After visiting Tian’anmen Square, the Forbidden City, and Mao’s Mausoleum in Beijing, head on over to the Beijing Aquarium. Located within the Beijing Zoo, the aquarium is the largest inland aquarium in the world. One of its specialties is the Rare Chinese Sturgeon Hall.
The building itself is shaped like a huge conch shell. It relies on over 18,000 tons of artificial seawater to highlight seven main sections: Rainforests, Coral Reefs, Sharks, Whales, a Touch Pool, a Marine Theater, and the aforementioned Sturgeon Hall. Over 1000 marine and freshwater species are bred on site.
Of the 41 aquariums around the world I’ve visited, this one is unique in that it has a large area devoted to sturgeon. These ancient fish in the family Acipenseridae are an oddity of nature. Their skeletons are almost entirely cartilaginous, like sharks, despite being classified as bony fishes since their ancestors actually had bony skeletons. Sturgeons also are at least partially covered with bony plates called scutes instead of scales. Like catfish, they have four barbels, sensory organs near their wide, toothless mouths, that they drag along the bottom substrate as an aid in navigation and food gathering. They are an odd fish indeed.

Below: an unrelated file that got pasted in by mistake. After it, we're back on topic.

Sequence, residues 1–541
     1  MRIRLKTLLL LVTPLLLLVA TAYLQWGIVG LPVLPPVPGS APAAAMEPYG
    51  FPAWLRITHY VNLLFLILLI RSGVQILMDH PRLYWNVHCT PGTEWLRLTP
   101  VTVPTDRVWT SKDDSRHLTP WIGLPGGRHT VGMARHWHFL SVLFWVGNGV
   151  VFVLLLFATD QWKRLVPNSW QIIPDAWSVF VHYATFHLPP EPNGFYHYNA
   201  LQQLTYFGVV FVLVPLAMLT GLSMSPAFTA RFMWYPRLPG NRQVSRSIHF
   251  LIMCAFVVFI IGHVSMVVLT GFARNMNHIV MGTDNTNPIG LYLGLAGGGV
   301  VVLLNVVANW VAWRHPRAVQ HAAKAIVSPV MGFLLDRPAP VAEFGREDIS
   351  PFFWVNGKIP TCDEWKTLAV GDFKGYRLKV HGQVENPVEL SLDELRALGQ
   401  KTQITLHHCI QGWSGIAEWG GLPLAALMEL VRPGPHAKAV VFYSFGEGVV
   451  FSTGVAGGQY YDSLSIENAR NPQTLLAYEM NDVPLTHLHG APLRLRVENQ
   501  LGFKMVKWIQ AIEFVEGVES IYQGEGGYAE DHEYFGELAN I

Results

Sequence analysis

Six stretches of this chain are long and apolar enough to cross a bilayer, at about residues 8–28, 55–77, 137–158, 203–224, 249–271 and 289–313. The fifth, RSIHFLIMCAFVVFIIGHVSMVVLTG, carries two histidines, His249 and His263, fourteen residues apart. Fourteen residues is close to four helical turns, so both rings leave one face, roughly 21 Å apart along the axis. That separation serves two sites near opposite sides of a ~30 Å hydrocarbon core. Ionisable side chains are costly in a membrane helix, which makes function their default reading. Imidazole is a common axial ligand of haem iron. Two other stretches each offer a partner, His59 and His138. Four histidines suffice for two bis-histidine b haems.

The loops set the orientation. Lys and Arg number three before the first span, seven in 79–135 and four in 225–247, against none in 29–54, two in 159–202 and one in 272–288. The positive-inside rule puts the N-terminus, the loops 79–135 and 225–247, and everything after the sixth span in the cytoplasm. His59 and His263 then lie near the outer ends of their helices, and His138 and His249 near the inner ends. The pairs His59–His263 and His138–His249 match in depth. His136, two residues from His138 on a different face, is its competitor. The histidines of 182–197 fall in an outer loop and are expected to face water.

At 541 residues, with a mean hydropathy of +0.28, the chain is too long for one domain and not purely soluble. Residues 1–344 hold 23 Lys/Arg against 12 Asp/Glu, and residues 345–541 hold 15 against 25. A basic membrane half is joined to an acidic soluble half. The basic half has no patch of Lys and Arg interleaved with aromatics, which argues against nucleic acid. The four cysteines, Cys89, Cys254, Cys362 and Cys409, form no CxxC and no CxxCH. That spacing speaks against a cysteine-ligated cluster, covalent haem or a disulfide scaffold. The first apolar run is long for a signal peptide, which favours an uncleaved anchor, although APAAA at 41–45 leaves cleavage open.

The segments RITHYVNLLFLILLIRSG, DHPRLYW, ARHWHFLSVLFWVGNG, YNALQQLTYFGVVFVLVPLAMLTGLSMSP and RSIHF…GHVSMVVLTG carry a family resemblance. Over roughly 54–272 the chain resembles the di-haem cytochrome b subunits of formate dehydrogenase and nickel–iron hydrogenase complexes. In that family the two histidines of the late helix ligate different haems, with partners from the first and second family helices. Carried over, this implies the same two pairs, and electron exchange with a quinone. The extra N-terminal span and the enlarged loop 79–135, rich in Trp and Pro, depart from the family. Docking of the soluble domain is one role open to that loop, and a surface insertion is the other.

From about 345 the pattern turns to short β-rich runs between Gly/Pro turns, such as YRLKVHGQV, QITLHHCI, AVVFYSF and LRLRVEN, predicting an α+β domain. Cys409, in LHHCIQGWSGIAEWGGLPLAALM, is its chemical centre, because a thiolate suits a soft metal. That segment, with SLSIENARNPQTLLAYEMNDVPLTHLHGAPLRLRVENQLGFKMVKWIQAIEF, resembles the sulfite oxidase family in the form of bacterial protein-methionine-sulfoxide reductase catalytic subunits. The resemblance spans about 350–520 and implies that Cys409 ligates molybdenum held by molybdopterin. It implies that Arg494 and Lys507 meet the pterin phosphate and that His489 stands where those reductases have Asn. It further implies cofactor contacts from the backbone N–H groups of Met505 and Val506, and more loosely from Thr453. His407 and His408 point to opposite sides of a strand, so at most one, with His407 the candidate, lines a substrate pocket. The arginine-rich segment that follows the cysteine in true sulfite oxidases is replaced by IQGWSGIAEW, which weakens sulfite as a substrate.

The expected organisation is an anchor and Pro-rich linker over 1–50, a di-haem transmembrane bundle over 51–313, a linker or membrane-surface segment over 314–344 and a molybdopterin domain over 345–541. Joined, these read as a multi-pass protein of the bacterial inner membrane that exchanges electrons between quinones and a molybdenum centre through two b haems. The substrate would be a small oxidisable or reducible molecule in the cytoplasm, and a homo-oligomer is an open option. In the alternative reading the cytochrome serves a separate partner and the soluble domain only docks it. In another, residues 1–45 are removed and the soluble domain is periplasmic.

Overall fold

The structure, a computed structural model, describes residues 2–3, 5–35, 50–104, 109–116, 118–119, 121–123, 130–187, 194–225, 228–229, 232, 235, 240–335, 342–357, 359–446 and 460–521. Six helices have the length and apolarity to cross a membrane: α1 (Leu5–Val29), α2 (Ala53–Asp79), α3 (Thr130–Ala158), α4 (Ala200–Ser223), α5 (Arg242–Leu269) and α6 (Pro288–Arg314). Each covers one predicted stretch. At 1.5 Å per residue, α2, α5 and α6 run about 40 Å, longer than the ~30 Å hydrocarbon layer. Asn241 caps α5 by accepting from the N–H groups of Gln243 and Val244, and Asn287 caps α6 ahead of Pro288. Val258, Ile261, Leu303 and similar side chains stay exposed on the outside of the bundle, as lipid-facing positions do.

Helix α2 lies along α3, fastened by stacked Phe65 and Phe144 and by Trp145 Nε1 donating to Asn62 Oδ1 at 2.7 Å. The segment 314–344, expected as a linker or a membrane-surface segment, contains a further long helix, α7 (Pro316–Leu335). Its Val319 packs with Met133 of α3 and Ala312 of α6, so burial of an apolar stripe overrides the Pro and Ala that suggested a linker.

Most aquariums toss one or a few sturgeon into the big tanks with sharks and other common fish. In Beijing there are dozens of representatives of the 27 known species of the world. The highlight is the Chinese sturgeon (Acipenser sinensis), a critically endangered species considered, like the giant panda, a national treasure in China. Sadly, like many species of sturgeon, the Chinese sturgeon is nearly extinct in the wild due to overfishing and habitat loss.
The aquarium doesn’t stop there. There are also large tanks with beautiful white beluga whales…
…many species of moray eels…
…and quite a few sea turtles.
Given my previous work with jellyfish I’m always drawn to that section of aquariums and the Beijing Aquarium has one of the best displays I’ve seen. Quite a few tanks exhibit different species, with a variety of light effects to highlight their beauty.
Overall I was greatly surprised – and impressed – by the size and quality of the aquarium. During my visit it seemed clear that the zoo and aquarium cater more to local Chinese rather than tourists, most of whom never get beyond the major tourist attractions mentioned in the first sentence above. This focus is emphasized by the signage, most of which is only in Chinese.
So if you’re in Beijing, take a side trip to the Beijing Aquarium. It’s about 3 miles or so northwest of Tian’anmen Square in the Beijing Zoo, reachable by taxi, bus, or even easier, via subway line 4. You won’t be disappointed. More information here.
David J. Kent has been a scientist for thirty-five years, is an avid science traveler, and an independent Abraham Lincoln historian. He is the author of Tesla: The Wizard of Electricity (now in its 5th printing) and two e-books: Nikola Tesla: Renewable Energy Ahead of Its Time and Abraham Lincoln and Nikola Tesla: Connected by Fate. His book on Thomas Edison is due in Barnes and Noble stores in July 2016.
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